Synchronous volcanic eruptions and abrupt climate change ~17.7k years ago plausibly linked by stratospheric ozone depletion
MetadataShow full item record
Glacial-state greenhouse gas concentrations and Southern Hemisphere climate conditions persisted until ∼17.7 ka, when a nearly synchronous acceleration in deglaciation was recorded in paleoclimate proxies in large parts of the Southern Hemisphere, with many changes ascribed to a sudden poleward shift in the Southern Hemisphere westerlies and subsequent climate impacts. We used high-resolution chemical measurements in the West Antarctic Ice Sheet Divide, Byrd, and other ice cores to document a unique, ∼192-y series of halogen-rich volcanic eruptions exactly at the start of accelerated deglaciation, with tephra identifying the nearby Mount Takahe volcano as the source. Extensive fallout from these massive eruptions has been found >2,800 km from Mount Takahe. Sulfur isotope anomalies and marked decreases in ice core bromine consistent with increased surface UV radiation indicate that the eruptions led to stratospheric ozone depletion. Rather than a highly improbable coincidence, circulation and climate changes extending from the Antarctic Peninsula to the subtropics—similar to those associated with modern stratospheric ozone depletion over Antarctica—plausibly link the Mount Takahe eruptions to the onset of accelerated Southern Hemisphere deglaciation ∼17.7 ka.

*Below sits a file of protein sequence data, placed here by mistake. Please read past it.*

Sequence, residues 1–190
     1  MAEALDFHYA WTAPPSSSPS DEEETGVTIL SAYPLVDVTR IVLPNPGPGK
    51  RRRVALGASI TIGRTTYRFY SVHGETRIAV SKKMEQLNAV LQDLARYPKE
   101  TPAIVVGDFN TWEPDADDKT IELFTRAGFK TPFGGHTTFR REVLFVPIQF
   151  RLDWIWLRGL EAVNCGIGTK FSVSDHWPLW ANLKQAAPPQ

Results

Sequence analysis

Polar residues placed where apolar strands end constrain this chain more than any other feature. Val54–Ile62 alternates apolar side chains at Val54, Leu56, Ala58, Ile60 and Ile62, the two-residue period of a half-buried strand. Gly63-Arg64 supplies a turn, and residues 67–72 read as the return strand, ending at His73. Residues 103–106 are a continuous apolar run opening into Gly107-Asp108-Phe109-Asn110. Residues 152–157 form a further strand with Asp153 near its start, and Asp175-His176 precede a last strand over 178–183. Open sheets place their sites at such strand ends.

McConnell , J R , Burke , A , Dunbar , N W , Köhler , P , Thomas , J L , Arienzo , M M , Chellman , N J , Maselli , O J , Sigl , M , Adkins , J F , Baggenstos , D , Burkhart , J F , Brook , E J , Buizert , C , Cole-Dai , J , Fudge , T J , Knorr , G , Graf , H-F , Grieman , M M , Iverson , N , McGwire , K C , Mulvaney , R , Paris , G , Rhodes , R H , Saltzman , E S , Severinghaus , J P , Steffensen , J P , Taylor , K C & Winckler , G 2017 , ' Synchronous volcanic eruptions and abrupt climate change ~17.7k years ago plausibly linked by stratospheric ozone depletion ' Proceedings of the National Academy of Sciences of the United States of America , vol. 114 , no. 38 , pp. 10035-10040 . https://doi.org/10.1073/pnas.1705595114
Proceedings of the National Academy of Sciences of the United States of America
© 2017, the Author(s). This work has been made available online in accordance with the publisher’s policies. This is the author created accepted version manuscript following peer review and as such may differ slightly from the final published version. The final published version of this work is available at https://doi.org/10.1073/pnas.1705595114© 2017, the Author(s). This work has been made available online in accordance with the publisher’s policies. This is the author created accepted version manuscript following peer review and as such may differ slightly from the final published version. The final published version of this work is available at https://doi.org/10.1073/pnas.1705595114
DescriptionThe US National Science Foundation supported this work [Grants 0538427, 0839093, and 1142166 (to J.R.M.); 1043518 (to E.J.B.); 0538657 and 1043421 (to J.P. Severinghaus); 0538553 and 0839066 (to J.C.-D.); and 0944348, 0944191, 0440817, 0440819, and 0230396 (to K.C.T.)]. We thank the WAIS Divide Science Coordination Office and other support organizations. P.K. and G.K. were funded by Polar Regions and Coasts in a Changing Earth System-II, with additional support from the Helmholtz Climate Initiative. The data reported in this work have been deposited with the U.S. Antarctic Program Data Center, www.usap-dc.org/view/dataset/601008.
Items in the St Andrews Research Repository are protected by copyright, with all rights reserved, unless otherwise indicated.